SYDNEY (Reuters) - Australian investment bank Macquarie Group appointed its first female CEO on Thursday, promoting the 10-year head of its funds unit Shemara Wikramanayake to the most senior investment banking position currently held by a woman globally.
Her elevation also marks a new phase for a financial conglomerate known for its strong record of beating profit expectations and the large pay packages of its fiercely competitive staff.
Wikramanayake’s predecessors, Allan Moss, followed by Nicholas Moore, each led Australia’s biggest investment bank for at least a decade.
She will take the reins from outgoing Moore in November at a time of intense regulatory and economic headwinds for financial companies.
“It’s always a challenging decision but after 10 years it felt like the time is right,” Moore said on an analyst call before the bank’s annual meeting, referring to his stepping down.
“With Shemara, we have a really outstanding successor.”
Macquarie shares fell almost 5 percent before erasing some of the losses to be down 2.8 percent after the bank coupled its announcement of Moore’s departure with a forecast of a profit result in line with the previous year.
The shares have surged 134 percent over the 10 years under Moore’s leadership as the bank almost continually grew profits and beat forecasts.
Wikramanayake’s unit delivers about a third of its profit, according to Macquarie.
By helping set up and grow the asset management unit into Macquarie’s most successful division, Wikramanayake, 56, has been central to its strategy of offseting the high volatility of traditional investment banking and capital markets businesses with more stable units such as funds management.
Wikramanayake’s appointment makes her a lonely figure in the top ranks of world investment banking, a male-dominated industry. The only other possible female CEO of an investment bank is JPMorgan Chase & Co Chief Financial Officer Marianne Lake, one of several contenders to replace Jamie Dimon.
“We don’t have a lot of females in leadership in the finance sector,” Wikramanayake, an Australian of Sri Lankan origin, told journalists in the call.
“We need to provide more flexibility (and) we need to allow more flexibility to males, to a have more balance in their life and allow female partners ... to take a front line in career,” she said.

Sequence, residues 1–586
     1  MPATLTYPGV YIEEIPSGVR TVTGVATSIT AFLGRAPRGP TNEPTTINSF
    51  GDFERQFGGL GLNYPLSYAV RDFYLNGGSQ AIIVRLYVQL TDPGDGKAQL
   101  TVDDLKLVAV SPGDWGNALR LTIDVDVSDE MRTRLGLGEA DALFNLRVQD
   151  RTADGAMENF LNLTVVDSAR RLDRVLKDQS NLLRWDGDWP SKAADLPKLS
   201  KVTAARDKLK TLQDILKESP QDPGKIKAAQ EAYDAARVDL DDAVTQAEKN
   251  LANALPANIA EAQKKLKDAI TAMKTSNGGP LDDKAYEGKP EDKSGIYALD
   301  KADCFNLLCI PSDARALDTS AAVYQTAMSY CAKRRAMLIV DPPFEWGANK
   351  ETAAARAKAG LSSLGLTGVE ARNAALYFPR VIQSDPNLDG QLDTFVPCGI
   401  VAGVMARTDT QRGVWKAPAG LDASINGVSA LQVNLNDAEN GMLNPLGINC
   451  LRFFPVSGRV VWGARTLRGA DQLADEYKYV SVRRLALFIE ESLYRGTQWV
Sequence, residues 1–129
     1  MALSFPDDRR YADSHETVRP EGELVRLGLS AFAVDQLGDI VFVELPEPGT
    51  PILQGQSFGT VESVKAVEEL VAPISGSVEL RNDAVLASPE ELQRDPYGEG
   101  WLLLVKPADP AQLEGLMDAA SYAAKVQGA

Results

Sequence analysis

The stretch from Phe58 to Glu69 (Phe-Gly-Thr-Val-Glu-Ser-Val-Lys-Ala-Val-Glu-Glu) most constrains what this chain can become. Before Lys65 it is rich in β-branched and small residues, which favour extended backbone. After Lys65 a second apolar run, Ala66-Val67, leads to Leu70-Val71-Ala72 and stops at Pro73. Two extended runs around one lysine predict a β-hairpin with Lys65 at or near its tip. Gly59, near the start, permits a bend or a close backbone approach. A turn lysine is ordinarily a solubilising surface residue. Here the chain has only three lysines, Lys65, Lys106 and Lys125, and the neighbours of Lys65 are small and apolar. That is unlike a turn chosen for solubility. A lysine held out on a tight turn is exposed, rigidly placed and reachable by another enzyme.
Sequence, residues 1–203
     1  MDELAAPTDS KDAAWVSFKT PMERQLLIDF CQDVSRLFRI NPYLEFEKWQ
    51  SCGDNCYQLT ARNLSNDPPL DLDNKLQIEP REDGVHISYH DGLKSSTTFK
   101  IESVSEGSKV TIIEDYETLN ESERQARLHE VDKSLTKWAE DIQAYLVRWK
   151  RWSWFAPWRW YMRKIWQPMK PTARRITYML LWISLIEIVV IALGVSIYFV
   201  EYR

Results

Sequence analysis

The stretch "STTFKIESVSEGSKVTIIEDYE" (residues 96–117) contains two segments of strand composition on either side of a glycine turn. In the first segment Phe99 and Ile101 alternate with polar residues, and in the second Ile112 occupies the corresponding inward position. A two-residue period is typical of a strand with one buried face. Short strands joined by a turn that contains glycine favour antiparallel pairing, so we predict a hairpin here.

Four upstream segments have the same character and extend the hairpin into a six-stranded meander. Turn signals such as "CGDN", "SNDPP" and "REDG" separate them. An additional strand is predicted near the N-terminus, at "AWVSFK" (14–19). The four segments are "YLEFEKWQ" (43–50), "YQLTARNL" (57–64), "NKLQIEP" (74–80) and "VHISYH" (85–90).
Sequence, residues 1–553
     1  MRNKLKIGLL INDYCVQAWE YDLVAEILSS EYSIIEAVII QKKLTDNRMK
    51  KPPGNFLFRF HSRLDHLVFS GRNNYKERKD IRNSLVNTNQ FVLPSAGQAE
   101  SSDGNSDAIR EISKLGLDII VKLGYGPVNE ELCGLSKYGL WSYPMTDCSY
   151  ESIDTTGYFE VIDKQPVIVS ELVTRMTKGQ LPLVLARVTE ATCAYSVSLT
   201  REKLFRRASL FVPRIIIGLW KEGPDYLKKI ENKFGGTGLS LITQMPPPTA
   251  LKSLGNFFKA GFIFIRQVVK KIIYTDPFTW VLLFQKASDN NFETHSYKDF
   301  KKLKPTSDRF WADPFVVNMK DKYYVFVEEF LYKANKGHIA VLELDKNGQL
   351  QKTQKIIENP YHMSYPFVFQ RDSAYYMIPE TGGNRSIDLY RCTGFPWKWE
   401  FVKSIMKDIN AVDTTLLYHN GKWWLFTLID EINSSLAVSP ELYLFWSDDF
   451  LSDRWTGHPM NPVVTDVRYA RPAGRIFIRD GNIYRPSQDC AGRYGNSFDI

“We ... are very focused on helping change all of that within the context of the meritocratic way we run our business,” she added.
Wikramanayake was the bank’s second-highest paid person in the 2018 financial year, according to its annual report, earning a total A$16.7 million, less only than Moore who took home A$18.9 million. Another star employee of the so-called “millionaires’ factory”, debt banker Ben Brazil, got A$15 million.
“She is an impressive individual, very deeply involved in the Macquarie culture and its risk management structure,” said Morningstar banking analyst David Ellis.
“The focus on global infrastructure, the focus on energy, particularly renewables, the interconnection between the five business units, is unique. I’m sure Shemara will treasure that and improve on that.”
Fairfax Media reported last year that Wikramanayake had never sold a Macquarie share in 30 years.
She takes the top role in what is expected to be a tough phase for financial services companies in Australia. The sector is facing the country’s most powerful type of public inquiry, a Royal Commission, and economists are waiting for the central bank to raise interest rates from record low levels, putting downward pressure on dealmaking.
“It is a different world where it won’t be so easy,” said Steve Miller, an adviser at Grant Samuel Funds Management.
“Achieving superior returns will be more challenging now.”
($1 = 1.3414 Australian dollars)
Writing by Byron Kaye; Additional reporting by Jonathan Barrett; Editing by Muralikumar Anantharaman